Why China has a habit of censoring Winnie the Pooh: NPR
A bloody micro-budget slasher film – in which beloved children’s book character Winnie the Pooh is a murderous psychopath – has been suddenly pulled from theaters in Hong Kong and Macau.
While the plot may not be everyone’s cup of tea, there are fears the decision to up the UK film has less to do with the film’s gory nature and more to do with the removal. of civil liberties by Beijing. in Hong Kong and more specifically, the government’s efforts to block an unlikely symbol of protest: the bear in a cropped top and no pants.
“Winnie the Pooh has become a symbol for dissidents in China,” says Rongbin Han, associate professor of international affairs at the University of Georgia. “So now the character alludes to Xi Jinping himself and the president doesn’t like it.”
Pulled without explanation from Hong Kong and Macau
Winnie the Pooh: Blood and Honey, written and directed by British filmmaker Rhys Frake-Waterfield, became an internet sensation, exceeding all expectations with releases in Latin America and Asia. It was due to start screening in more than 30 cinemas in Hong Kong and Macao on Thursday, but the distributor said all screenings have been cancelled.
Winnie the Pooh: Blood and Honey will be canceled in Hong Kong and Macau, VII Pillars Entertainment said in a statement on Facebook.
The company added that the film “failed to meet the public” and asked for forgiveness from the public. They offered no further explanation, and company officials did not respond to questions from NPR.
How Winnie the Pooh Became a Subversive Symbol
Last-minute withdrawal from theaters marks the second time the release of a film based on Winnie the Pooh has been blocked in China. But why?
The connection between Chinese leader Xi and Pooh dates back to 2013, when people on social media compared a photo of Xi and former President Barack Obama walking side by side to an image of Pooh and Tigger. The meme took off, and for several years government critics appropriated the character to mock Xi or castigate his policies.
This prompted Beijing to censor the Chinese name of Winnie the Pooh and the chubby and somewhat silly bear animated gifs on social media platforms in 2017.
Han of the University of Georgia explained that it is not Pooh that is wrong with Xi and the authoritarian regime, but the fact that critics are using the bear as a surrogate to speak out against government policies.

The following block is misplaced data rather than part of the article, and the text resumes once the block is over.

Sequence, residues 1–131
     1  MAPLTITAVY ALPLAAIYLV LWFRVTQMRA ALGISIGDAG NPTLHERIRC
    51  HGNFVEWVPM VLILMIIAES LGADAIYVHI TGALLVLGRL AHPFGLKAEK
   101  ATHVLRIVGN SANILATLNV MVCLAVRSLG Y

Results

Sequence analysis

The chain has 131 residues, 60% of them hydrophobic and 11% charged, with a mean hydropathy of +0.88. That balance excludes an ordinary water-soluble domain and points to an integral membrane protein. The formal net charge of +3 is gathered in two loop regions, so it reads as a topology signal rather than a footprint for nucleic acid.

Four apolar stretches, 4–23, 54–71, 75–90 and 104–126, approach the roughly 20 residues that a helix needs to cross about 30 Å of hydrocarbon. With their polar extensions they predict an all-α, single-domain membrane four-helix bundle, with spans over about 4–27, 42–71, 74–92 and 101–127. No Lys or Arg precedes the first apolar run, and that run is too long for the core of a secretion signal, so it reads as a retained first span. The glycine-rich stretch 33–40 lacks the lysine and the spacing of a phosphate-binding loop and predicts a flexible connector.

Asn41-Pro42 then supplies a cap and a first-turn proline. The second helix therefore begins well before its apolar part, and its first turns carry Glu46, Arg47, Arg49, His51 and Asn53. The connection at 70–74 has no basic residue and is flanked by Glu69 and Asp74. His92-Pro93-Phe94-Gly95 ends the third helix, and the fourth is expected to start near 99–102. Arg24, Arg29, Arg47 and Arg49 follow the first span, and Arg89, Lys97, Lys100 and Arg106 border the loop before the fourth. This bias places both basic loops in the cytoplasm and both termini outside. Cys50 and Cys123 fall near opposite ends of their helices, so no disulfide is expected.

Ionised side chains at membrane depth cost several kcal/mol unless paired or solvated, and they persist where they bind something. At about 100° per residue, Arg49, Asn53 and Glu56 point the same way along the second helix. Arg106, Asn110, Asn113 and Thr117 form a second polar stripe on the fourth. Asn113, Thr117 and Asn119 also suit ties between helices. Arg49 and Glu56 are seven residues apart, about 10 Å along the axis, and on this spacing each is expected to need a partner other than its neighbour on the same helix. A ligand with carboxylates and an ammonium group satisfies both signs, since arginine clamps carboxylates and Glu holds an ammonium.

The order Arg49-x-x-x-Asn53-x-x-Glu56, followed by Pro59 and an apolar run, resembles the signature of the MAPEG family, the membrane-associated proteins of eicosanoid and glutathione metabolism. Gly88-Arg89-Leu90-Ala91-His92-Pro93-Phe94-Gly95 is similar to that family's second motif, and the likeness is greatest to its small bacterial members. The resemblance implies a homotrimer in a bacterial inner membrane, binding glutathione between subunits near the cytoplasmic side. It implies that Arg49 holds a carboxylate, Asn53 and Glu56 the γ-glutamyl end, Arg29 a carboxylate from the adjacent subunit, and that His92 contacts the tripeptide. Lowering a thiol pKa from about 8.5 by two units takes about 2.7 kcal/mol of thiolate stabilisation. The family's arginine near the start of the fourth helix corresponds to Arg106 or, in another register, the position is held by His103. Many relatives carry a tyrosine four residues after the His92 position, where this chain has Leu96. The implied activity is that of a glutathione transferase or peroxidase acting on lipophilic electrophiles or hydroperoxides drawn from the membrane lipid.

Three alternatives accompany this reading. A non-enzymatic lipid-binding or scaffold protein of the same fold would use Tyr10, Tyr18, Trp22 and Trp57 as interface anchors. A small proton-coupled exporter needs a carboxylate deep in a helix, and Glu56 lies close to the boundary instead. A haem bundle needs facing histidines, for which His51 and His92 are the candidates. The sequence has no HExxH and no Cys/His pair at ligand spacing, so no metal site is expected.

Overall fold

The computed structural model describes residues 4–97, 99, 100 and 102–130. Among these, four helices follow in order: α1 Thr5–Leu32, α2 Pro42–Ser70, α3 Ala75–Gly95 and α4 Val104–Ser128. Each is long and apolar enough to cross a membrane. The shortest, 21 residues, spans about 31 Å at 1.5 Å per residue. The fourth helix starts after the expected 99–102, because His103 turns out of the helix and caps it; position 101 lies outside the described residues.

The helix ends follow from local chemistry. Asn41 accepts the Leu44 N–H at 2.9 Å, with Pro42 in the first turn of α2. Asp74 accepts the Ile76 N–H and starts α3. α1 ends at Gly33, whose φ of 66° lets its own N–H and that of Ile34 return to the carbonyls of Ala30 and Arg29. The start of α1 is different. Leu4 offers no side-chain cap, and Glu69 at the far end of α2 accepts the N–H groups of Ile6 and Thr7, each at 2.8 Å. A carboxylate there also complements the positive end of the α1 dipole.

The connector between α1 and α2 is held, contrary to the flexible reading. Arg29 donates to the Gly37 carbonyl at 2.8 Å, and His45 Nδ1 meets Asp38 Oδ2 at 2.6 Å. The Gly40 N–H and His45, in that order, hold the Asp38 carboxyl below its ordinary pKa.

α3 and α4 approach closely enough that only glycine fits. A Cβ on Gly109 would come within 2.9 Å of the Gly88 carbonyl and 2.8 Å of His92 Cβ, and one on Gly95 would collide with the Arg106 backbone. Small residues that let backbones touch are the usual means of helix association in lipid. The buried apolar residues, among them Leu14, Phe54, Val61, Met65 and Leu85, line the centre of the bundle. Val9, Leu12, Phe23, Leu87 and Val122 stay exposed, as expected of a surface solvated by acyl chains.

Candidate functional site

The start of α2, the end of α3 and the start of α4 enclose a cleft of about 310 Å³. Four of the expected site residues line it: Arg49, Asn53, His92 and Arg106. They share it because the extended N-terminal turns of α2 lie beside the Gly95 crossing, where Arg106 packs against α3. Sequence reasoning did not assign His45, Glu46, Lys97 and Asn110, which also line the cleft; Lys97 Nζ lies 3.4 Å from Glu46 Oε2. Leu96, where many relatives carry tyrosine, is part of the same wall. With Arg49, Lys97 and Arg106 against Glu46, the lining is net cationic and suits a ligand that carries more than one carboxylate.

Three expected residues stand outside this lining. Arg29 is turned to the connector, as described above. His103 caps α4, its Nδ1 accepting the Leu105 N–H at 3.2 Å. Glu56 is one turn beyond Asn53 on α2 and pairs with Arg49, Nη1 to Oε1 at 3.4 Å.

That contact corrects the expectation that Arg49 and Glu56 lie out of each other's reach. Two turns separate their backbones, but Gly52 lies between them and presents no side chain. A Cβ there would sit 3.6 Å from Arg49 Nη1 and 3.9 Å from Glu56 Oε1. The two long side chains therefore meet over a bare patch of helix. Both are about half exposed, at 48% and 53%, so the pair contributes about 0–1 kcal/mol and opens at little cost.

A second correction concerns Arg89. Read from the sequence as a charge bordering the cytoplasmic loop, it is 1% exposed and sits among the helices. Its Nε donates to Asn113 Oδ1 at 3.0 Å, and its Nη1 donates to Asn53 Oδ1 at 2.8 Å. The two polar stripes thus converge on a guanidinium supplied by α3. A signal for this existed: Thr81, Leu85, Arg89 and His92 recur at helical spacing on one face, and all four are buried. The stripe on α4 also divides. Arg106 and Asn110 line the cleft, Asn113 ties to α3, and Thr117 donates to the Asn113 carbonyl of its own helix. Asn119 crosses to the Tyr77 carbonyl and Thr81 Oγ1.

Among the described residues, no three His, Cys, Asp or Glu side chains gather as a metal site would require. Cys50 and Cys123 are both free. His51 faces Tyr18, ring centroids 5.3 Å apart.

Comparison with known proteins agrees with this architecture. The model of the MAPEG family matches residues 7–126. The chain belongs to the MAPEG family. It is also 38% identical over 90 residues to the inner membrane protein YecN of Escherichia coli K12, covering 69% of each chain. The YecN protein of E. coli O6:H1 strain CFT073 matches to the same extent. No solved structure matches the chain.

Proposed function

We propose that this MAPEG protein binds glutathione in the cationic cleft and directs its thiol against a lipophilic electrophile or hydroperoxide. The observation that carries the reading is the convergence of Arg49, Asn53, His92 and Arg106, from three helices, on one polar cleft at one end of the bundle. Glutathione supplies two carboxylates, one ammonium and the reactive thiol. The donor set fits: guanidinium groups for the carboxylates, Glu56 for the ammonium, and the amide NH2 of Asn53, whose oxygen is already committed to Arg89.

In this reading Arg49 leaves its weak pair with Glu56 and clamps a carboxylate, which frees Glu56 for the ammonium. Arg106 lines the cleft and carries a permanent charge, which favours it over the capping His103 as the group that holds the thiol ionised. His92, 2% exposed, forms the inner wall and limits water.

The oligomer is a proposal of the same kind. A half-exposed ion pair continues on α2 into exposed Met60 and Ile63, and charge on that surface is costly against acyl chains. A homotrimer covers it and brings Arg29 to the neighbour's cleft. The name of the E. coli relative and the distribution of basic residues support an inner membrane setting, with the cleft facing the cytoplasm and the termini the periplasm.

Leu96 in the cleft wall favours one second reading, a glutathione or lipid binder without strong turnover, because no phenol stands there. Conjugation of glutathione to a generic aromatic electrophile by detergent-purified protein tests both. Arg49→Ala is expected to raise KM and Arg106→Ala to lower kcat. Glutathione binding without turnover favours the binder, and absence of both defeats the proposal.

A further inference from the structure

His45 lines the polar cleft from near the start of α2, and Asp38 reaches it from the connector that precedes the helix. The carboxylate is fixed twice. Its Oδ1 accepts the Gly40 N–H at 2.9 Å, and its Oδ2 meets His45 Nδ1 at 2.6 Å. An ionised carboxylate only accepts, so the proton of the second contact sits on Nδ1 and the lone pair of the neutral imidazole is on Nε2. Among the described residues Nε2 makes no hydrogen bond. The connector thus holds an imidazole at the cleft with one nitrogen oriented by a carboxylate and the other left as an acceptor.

That’s why, he says, “the censorship machine” is constantly on the lookout for perceived criticism, which often takes the form of seemingly benign images, coded puns, or no words at all. For example, in November, in a rare public protest, Chinese dissidents marched through the streets holding up blank sheets of paper, sending a silent message of defiance to the authorities.
Han noted that Pooh-like images or items are still allowed in China, but online is a different story. “Wherever online dissident groups mobilize, that’s what triggers the nerve of this state,” he said.
Considering the character’s backstory, Han said he was surprised the film got past the Chinese government’s censorship system in the first place. Both domestic and foreign films are all subject to a strict system of pre-publication review, and the government reserves the right to ban any non-compliant film from being shown in theaters – or even released in line. — in the country.
Other challenges included the quota on foreign films
Michael Berry, director of the Center for Chinese Studies at the University of California, Los Angeles, told NPR that a movie like Winnie the Pooh: Blood and Honey would face a number of hurdles regardless of the Xi connection.
“First of all, there is a quota system in China that strictly limits the number of foreign films distributed; because of this quota, most studios submit big blockbuster films like Marvel and DC superhero movies or big-budget war movies. Small movies often have a hard time getting into the market,” Berry said.
The UCLA professor also noted that China generally doesn’t welcome horror movies because the country doesn’t have a rating system. The idea is that all films should technically be suitable for the general public. “It poses inherent challenges to the horror genre,” he said.
For now, audiences in Hong Kong and Macau will have to wait for the chance to watch a bloodthirsty Winne the Pooh.
But as one potential fan pointed out, it might be coming to a streaming service near you.